A famous landmark is the sidewalk clock outside 200 Fifth Avenue. It was erected in 1909.

More information at en.wikipedia.org, www.aviewoncities.com and www.nyc-architecture.com.

Volvo Photography Locations

Skuespilhuset in Copenhagen – DK

February 16th, 2017

International Volvo Photo Locations Part 264
Click for Volvo Photography Locations Overview

2016 - Volvo S90

2016 Volvo S90 at the waterfront promenade on Nyhavn at Skuespilhuset (Royal Danish Playhouse) in Copenhagen with Krøyers Plads in the background.

2016 – Volvo S90 at Skuespilhuset in Copenhagen

2017 – Waterfront promenade on Nyhavn at Skuespilhuset (Royal Danish Playhouse) in Copenhagen (Google Streetview)

The Royal Danish Playhouse (Danish: Skuespilhuset) is a theatre building for the Royal Danish Theatre, situated on the harbour front in the Frederiksstaden neighbourhood of central Copenhagen, Denmark. It was created as a purpose-built venue for dramatic theatre, supplementing the theatre’s old venue from 1874 on Kongens Nytorv and the 2004 Copenhagen Opera House, which are used for ballet and opera.

The Royal Playhouse is designed by the Danish architectural practice Lundgaard & Tranberg and received a RIBA European Award in 2008 for its architecture as well as a Red dot design award for the design of the chairs.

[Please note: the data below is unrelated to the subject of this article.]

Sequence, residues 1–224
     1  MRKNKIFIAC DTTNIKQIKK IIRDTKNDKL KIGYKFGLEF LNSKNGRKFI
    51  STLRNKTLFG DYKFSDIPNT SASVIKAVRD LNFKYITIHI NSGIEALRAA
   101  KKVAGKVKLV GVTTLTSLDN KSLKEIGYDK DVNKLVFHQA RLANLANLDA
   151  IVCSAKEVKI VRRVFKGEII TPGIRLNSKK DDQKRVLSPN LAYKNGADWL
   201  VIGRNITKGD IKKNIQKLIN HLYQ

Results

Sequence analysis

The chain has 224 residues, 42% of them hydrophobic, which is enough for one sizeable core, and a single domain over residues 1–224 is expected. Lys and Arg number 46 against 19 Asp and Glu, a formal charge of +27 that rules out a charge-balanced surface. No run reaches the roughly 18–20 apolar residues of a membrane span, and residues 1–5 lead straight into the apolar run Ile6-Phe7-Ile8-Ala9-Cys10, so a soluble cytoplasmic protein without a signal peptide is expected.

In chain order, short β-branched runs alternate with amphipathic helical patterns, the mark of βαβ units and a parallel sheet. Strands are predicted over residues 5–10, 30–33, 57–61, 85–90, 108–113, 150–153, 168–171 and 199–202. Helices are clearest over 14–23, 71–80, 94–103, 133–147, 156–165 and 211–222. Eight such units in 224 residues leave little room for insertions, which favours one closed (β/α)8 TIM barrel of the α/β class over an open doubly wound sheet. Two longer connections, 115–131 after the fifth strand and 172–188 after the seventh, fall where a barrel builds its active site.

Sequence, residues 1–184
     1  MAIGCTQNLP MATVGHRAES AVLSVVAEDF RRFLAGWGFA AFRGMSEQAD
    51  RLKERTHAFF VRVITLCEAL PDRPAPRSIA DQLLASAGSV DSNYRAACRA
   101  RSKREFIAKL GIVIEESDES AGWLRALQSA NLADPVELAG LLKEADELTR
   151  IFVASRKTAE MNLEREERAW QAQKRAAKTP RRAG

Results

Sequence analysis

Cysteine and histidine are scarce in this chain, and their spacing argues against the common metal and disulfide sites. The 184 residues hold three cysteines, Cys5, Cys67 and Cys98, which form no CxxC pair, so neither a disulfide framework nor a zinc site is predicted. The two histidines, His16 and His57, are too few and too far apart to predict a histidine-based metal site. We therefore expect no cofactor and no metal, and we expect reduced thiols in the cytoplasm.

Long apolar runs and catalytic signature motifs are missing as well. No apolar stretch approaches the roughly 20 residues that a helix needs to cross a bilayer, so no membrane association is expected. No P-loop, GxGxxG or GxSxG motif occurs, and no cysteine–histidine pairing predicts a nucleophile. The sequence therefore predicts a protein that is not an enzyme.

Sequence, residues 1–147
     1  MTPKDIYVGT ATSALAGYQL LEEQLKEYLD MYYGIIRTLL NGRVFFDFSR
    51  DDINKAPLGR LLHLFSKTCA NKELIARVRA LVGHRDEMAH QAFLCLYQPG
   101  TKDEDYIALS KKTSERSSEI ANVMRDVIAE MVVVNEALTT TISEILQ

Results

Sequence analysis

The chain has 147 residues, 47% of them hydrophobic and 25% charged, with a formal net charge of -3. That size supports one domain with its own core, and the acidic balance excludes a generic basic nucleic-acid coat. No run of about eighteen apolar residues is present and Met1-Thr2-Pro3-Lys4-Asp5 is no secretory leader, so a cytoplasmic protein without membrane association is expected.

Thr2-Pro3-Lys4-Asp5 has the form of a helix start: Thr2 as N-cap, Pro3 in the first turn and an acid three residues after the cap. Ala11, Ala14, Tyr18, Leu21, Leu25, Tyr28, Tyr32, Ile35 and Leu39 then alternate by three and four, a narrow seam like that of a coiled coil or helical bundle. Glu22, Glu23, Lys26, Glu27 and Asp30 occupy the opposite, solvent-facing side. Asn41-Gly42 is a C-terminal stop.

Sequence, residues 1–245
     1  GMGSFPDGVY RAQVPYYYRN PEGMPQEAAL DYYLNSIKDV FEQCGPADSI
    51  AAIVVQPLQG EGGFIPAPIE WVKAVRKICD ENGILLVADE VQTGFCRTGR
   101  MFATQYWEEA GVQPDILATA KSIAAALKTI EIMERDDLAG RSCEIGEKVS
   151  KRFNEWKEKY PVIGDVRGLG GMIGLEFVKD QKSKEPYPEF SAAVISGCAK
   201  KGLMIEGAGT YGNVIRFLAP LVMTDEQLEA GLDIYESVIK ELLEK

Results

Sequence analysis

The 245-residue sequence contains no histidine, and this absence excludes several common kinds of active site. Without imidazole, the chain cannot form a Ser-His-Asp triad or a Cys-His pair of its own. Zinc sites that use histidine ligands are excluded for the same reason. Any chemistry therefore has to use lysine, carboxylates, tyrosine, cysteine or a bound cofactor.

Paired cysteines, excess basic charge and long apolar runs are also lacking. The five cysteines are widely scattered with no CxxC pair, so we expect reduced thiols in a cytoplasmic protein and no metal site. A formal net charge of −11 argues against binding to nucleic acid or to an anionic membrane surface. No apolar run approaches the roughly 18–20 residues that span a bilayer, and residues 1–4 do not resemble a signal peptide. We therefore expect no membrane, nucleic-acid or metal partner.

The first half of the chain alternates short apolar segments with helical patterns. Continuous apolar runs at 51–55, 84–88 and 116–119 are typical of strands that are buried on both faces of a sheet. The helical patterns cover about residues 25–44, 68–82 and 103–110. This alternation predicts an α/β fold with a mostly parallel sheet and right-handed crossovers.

Since the 1880s Copenhagen city started the discussion of building a new Royal Playhouse for the latest trend in acting, where focus was on the more natural and intimate drama speaking works as opposed to the popular recital theater of the time.

The theatre is designed by the Danish architectural practice Lundgaard & Tranberg. It is built in a long, slim, deep-brown brick that was specially developed for the project. The exterior is dominated by a continuous glass-encased top story with offices and back-stage facilities for the actors. Above the glass band is the dark copper-clad cube of the scene tower.

The glazed foyer facing the water runs along the entire length of the building . It affords panoramic views of the harbour and contains a restaurant and a cafë.

With about 40 per cent of the building projecting over the water, the waterfront promenade pivots around the playhouse, diverting pedestrians onto a raised 150 metre long walkway layered with rustic oak planks placed on Venetian-style crooked columns creating a floating feel.

More information at en.wikipedia.org, kglteater.dk, www.ltarkitekter.dk and www.dac.dk.

Volvo Photography Locations